Yeah, I was in high school. By the way, I’ve been interested in the universe since I was nine years old, which predates Carl Sagan’s visibility. So I do not cite him as a as the one who got the ball exactly where although many others have who came of age during the era of Cosmos, that the landmark television series that he hosted. So my first encounter with Carl Sagan was very different. I was in high school applying to colleges. My application to Cornell, as was true with my other applications to college, was dripping with the cosmos. It just it was all over. I’d known what I wanted to be when I grew up since age nine. So my whole life tracked this fact. And apparently the admissions committee had forwarded my application to Carl Sagan. And then he sent me a personal letter and I got this letter in Milk from Carl Sagan. I’m thinking, Carl Sagan, is this a misprint? Is this that Carl Sagan has been on Johnny Carson The Tonight Show? And I opened the letter and it says, I understand you’ve applied to Cornell and have been accepted because of this window of time where you have to decide where you’re gonna go. And he said if you plan to visit the campus, give me some advance notice and I’d be happy to greet you and give you a tour of our labs and let you know what we do here to try to help you decide what college you will ultimately attend. So I did take a trip to Cornell. It was in the winter and he did meet me at the front entrance of the building, brought me up to the lab, which behind and pulled out one of his books and signed it to me, which I still have. And we spent so many hours together and it began to snow. It was time for me to return to New York City. Cornell is in upstate New York, of course, four hours away by automobile. 

And he jotted down his home phone number. He said in case the snow gets too heavy and the bus doesn’t make it through. Give me a call. You can spend the night at my place. And who am I? I’m just some kid in high school. I’m a nobody. Yet he spent hours with me with a level of caring that I didn’t think was possible for someone of that level of fame. And I said to myself, if I am ever remotely this influential. That I will for damn sure treat the next generation of students the way Carl Sagan treated me. 

So to this day, I get e-mail from a student who is trying to figure out what to do in life. I put everything aside. I tell the all the high level administrators who need time with me. You’re gonna have to wait because I’ve got this student who I’ve never met coming to my office, and we’re gonna talk about that person’s future. And I find myself now reaching behind my own desk and pulling out a book and signing it to them.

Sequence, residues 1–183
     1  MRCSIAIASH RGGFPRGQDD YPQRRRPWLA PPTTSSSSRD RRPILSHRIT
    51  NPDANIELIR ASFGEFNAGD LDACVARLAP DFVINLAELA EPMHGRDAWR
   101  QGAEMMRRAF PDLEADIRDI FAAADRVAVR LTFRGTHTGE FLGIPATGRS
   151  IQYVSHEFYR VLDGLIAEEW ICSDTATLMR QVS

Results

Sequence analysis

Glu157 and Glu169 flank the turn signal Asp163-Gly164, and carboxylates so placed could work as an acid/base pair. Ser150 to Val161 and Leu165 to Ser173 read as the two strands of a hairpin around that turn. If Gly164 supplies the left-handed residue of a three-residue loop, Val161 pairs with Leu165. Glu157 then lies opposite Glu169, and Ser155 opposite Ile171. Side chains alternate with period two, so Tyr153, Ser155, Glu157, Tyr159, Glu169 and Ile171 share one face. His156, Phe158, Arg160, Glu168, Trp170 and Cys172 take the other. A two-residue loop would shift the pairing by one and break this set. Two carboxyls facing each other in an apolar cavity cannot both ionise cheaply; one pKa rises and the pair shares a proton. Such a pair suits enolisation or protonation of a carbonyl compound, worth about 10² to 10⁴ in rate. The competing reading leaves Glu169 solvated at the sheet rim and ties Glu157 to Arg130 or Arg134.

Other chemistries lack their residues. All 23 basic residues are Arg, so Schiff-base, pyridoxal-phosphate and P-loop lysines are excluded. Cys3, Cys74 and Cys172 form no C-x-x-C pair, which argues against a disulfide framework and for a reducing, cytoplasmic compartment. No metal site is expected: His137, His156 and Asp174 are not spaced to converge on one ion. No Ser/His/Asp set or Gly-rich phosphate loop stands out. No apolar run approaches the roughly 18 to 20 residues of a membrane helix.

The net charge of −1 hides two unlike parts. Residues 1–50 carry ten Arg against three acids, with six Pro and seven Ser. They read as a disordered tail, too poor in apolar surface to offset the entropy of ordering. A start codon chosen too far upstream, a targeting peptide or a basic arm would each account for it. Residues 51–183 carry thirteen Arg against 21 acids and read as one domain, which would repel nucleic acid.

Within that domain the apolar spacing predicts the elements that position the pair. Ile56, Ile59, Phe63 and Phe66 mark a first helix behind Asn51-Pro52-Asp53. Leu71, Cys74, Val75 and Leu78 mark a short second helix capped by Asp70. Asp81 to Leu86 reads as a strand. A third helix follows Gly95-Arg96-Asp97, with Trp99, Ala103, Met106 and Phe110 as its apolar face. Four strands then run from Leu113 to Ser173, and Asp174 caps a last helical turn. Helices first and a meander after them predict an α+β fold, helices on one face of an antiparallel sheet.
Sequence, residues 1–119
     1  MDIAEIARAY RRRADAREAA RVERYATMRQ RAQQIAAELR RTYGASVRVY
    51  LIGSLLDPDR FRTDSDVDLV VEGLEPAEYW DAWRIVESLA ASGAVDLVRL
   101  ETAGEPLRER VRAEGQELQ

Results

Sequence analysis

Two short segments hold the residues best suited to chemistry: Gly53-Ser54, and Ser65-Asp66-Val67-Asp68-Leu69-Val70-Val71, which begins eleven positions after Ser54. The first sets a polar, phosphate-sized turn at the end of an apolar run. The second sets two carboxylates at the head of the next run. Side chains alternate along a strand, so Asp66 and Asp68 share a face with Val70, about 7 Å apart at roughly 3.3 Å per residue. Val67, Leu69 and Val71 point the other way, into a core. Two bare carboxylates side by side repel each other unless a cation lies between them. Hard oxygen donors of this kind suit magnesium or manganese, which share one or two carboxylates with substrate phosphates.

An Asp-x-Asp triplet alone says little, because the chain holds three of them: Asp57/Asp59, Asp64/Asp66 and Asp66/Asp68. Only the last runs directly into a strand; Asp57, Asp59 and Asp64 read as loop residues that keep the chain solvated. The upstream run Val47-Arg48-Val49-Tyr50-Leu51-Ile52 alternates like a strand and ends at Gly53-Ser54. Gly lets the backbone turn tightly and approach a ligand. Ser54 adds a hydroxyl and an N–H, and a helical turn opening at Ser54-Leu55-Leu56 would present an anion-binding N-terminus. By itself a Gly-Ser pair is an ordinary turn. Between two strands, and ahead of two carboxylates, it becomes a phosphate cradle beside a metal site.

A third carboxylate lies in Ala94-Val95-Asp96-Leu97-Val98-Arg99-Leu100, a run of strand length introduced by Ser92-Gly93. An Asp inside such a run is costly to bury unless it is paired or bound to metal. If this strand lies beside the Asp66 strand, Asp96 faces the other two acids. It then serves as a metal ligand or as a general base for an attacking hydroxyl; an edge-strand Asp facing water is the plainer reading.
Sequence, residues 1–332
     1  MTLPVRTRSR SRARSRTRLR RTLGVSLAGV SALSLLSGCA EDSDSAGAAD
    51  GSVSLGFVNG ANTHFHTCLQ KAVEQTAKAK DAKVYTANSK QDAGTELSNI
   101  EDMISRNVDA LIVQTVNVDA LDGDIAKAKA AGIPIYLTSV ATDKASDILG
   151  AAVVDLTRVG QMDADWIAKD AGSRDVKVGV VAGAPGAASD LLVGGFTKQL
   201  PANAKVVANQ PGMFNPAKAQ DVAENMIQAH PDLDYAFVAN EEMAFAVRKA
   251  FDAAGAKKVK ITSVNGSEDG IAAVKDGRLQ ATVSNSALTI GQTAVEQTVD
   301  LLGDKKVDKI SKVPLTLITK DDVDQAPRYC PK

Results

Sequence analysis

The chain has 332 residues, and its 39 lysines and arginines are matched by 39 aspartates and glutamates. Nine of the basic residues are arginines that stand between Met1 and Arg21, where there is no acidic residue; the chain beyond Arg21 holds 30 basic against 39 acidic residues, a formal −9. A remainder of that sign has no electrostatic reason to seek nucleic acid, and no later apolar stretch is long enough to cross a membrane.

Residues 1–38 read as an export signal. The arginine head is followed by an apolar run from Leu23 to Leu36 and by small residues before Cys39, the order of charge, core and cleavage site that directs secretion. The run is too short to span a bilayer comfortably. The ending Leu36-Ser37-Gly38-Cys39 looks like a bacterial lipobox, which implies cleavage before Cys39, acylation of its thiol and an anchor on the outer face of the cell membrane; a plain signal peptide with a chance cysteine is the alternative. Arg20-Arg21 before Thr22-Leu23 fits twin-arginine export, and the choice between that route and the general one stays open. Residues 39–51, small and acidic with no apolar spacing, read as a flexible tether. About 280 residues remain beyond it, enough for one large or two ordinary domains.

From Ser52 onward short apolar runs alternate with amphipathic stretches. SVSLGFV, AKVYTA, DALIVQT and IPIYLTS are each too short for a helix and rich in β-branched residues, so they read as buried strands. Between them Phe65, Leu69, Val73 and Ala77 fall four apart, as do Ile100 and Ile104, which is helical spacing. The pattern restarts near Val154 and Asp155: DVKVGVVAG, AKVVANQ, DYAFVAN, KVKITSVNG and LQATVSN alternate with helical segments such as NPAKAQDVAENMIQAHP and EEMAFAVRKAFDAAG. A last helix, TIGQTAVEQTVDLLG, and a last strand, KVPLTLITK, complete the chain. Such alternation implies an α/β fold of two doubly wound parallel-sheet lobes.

It’s and it’s the great lesson here, I think is. Not that Carl Sagan expected me to return that favor to him. What good would that do? The real step one needs to take is to ensure that the kindness and generosity that he expressed for me is something that I then pass on to a next generation. And I’m happy to say that at least thus far, I’ve been able to sustain just that in my professional career. 

Thank you very much for joining me on point of inquiry yet again, Neil deGrasse Tyson. Thanks for having me. 

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Thanks for listening to this episode of Point of Inquiry to get involved with an online conversation about science education or any of the other topics we discussed today with Neil deGrasse Tyson. Go to our online discussion forums at Center for Inquiry, dot net slash forums. Views expressed on point of inquiry don’t necessarily reflect the views of the Center for Inquiry, nor its affiliated organizations. Questions and comments on today’s show can be sent to feedback at points of inquiry dot org or by visiting our Web site. Point of inquiry dot org. 

Point of inquiries produced by Thomas Donnelly and recorded at the Center for Inquiry in Amherst, New York. Executive producer Paul Cook’s point of inquiry’s music is composed for us by Emmy Award winning Michael. 

Contributors to today’s show included Debbie Goddard and Sarah Jordan. And I’m your host DJ Grothe. 

DJ Grothe

D.J. Grothe is on the Board of Directors for the Institute for Science and Human Values, and is a speaker on various topics that touch on the intersection of education, science and belief. He was once the president of the James Randi Educational Foundation and was former Director of Outreach Programs for the Center for Inquiry and associate editor of Free Inquiry magazine. He previously hosted the weekly radio show and podcast Point of Inquiry, exploring the implications of the scientific outlook with leading thinkers.